Relationships Study by Ashland University Psychology Professor Shows Clear Message for Couples: Reasons for Sacrifice Matter More

2/9/11 ASHLAND, OH -- A study conducted by an Ashland University psychology professor shows that individuals' reasons for making sacrifices in romantic relationships are more important than the sacrifice itself.

"It is true that research consistently indicates that individuals who are willing to make sacrifices - both small and large - for their romantic partners tend to have more satisfying romantic relationships," said Dr. Brent Mattingly, assistant professor of psychology at Ashland University. "However, my research demonstrates those individuals' reasons for making these sacrifices may be more important than the sacrifice itself."

Mattingly said that, in particular, individuals who make sacrifices as a way of obtaining positive outcomes in their relationships, for example to make the partner happy or become closer to the partner, tend to be more satisfied in their relationships, whereas those who make sacrifices as a way of avoiding negative outcomes such as conflict or upsetting the partner tend to be less satisfied.

"If the reason an individual makes this sacrifice is because he or she wants to become closer to his or her partner, then the relationship will likely benefit," he said. "However, if the individual makes this sacrifice more so out of obligation or because he or she wants to avoid an argument, then the relationship may actually suffer."

Mattingly said the study clearly shows that the same sacrifice, like going to the opera if an individual would rather stay at home and watch football, can lead to different relationship outcomes.

"In essence, doing the behavior isn't good enough - you have to want to do the behavior in order for it to be beneficial and in fact, begrudgingly doing the behavior may be counterproductive," he said.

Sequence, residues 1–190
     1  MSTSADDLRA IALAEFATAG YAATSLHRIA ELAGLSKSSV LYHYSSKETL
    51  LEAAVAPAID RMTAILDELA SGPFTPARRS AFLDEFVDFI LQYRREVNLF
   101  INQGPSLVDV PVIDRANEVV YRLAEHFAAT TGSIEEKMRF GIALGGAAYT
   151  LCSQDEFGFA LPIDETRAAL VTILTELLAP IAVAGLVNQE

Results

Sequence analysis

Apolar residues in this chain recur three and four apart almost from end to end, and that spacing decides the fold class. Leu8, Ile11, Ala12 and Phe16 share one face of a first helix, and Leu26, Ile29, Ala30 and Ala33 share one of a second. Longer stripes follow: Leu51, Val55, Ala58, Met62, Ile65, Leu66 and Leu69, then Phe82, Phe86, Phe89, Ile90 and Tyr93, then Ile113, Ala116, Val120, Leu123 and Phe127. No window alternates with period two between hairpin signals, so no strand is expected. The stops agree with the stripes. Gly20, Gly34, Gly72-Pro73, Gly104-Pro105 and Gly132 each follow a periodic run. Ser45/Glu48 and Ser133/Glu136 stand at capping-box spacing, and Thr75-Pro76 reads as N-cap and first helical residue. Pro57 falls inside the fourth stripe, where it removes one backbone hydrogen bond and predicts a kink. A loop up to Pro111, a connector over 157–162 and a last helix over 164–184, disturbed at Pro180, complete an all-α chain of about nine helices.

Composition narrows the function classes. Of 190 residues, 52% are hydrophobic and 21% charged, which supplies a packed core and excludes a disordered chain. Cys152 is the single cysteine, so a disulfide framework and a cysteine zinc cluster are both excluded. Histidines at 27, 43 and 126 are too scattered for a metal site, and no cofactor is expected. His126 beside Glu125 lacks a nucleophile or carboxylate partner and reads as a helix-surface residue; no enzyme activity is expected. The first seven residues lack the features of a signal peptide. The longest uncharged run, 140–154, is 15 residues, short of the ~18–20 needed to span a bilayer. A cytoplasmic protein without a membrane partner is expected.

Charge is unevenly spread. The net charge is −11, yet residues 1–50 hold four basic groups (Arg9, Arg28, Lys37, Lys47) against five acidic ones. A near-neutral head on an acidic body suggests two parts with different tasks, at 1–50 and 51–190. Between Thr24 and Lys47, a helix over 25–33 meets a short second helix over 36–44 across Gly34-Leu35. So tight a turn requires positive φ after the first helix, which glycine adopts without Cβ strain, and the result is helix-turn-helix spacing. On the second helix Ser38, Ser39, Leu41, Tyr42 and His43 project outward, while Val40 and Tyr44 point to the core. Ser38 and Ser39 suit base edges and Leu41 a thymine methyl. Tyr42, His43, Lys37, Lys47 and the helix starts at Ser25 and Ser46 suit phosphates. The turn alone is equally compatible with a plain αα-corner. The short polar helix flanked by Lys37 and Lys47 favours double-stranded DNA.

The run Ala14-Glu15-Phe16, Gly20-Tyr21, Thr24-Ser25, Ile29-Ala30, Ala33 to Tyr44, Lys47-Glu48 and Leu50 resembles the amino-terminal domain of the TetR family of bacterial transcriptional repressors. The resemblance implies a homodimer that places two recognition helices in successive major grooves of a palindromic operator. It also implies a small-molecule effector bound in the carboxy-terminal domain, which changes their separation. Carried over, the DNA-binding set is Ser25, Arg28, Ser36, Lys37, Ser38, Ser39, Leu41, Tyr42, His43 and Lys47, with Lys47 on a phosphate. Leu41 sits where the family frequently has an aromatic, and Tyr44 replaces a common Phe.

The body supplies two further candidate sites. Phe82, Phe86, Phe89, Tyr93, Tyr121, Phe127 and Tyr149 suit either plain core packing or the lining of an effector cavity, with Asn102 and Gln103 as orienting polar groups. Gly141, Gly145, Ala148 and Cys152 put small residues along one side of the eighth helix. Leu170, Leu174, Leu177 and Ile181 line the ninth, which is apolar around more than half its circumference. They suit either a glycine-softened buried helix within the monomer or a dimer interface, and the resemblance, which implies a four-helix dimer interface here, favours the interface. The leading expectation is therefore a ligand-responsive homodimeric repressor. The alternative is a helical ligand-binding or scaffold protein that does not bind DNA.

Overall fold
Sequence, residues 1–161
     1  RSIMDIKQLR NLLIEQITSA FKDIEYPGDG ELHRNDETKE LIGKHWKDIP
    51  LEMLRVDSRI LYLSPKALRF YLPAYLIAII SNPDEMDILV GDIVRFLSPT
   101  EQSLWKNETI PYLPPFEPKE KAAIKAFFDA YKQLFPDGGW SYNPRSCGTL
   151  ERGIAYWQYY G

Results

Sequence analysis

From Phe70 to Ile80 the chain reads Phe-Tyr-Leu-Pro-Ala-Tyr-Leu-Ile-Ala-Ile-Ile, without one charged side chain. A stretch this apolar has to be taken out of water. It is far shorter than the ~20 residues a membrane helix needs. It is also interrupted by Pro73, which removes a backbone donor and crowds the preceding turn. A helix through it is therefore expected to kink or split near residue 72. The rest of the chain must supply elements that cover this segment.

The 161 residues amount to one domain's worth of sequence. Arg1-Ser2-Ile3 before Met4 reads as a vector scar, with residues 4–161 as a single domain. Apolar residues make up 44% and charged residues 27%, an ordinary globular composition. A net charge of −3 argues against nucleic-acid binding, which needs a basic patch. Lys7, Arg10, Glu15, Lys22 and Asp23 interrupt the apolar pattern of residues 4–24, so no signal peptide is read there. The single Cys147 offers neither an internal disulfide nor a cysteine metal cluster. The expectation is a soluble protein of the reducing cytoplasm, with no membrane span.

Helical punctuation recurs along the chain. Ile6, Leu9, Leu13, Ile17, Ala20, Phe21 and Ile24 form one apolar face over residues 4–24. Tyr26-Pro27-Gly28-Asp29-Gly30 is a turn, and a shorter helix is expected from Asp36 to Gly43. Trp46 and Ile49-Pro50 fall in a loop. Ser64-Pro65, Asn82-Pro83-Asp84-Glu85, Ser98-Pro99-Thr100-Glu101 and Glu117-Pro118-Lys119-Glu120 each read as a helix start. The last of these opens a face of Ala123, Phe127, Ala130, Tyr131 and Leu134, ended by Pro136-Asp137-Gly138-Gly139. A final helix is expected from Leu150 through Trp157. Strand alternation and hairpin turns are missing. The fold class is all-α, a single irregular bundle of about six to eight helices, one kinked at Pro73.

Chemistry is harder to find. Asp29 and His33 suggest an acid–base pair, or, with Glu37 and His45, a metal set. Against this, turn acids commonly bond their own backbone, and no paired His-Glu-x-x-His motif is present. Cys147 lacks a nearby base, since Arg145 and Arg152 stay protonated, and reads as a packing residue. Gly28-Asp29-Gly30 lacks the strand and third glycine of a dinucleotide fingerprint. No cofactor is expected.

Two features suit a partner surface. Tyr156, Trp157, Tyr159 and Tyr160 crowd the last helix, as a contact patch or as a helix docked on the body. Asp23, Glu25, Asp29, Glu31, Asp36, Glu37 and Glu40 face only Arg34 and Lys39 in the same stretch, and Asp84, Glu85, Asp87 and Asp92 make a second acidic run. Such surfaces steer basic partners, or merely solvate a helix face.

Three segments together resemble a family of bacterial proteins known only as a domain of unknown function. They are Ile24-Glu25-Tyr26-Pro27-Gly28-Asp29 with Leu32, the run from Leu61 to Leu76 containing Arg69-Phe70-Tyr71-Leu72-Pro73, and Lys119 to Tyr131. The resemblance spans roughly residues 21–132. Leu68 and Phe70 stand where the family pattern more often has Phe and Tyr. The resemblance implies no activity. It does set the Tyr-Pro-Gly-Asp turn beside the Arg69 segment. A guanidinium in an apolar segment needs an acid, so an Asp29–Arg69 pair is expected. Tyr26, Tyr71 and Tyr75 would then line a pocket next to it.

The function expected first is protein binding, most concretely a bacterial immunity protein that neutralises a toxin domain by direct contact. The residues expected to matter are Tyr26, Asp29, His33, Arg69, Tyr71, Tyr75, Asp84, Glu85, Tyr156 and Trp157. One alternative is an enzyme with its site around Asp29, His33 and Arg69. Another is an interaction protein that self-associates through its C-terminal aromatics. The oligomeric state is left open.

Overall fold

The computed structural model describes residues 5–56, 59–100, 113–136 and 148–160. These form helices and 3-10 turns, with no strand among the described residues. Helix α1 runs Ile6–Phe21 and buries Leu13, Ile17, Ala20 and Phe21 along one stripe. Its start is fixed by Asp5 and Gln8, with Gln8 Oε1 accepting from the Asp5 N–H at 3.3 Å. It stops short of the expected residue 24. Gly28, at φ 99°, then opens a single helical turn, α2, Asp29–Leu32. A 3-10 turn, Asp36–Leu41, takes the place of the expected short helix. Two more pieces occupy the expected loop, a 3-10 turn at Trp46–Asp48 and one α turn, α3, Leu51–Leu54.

Mattingly released specific details of the study, which showed that of those people who made few approach-motivated sacrifices, 15.2 percent were unsatisfied. However, of those individuals who made many approach-motivated sacrifices, only 3.1 percent were unsatisfied, he noted.

"Of those who made few avoidance-motivated sacrifices, only 2.6 percent were unsatisfied, however, of those who made many avoidance-motivated sacrifices, 17.5 percent were unsatisfied," he said.

He also noted that of all individuals who were classified as unsatisfied, more than 85 percent did not make many approach-motivated sacrifices.

"So the research clearly shows a take home message for couples here," Mattingly said. "Making more sacrifices for approach reasons and fewer sacrifices for avoidance reasons tends to be associated with more positive relationships. Thus, the sacrifice isn't what is important -- why you are sacrificing seems to matter more."

Mattingly said he conducted the research project with Eddie Clark of Saint Louis University and he noted that a portion of the research is scheduled to be published in an upcoming issue of the "Journal of Applied Social Psychology."

Ashland University (www.ashland.edu<http://www.ashland.edu>) is a mid-sized, private university conveniently located a short distance from Akron, Cleveland and Columbus, Ohio. Ashland University values the individual student and offers a unique educational experience that combines the challenge of strong, applied academic programs with a faculty and staff who build nurturing relationships with their students.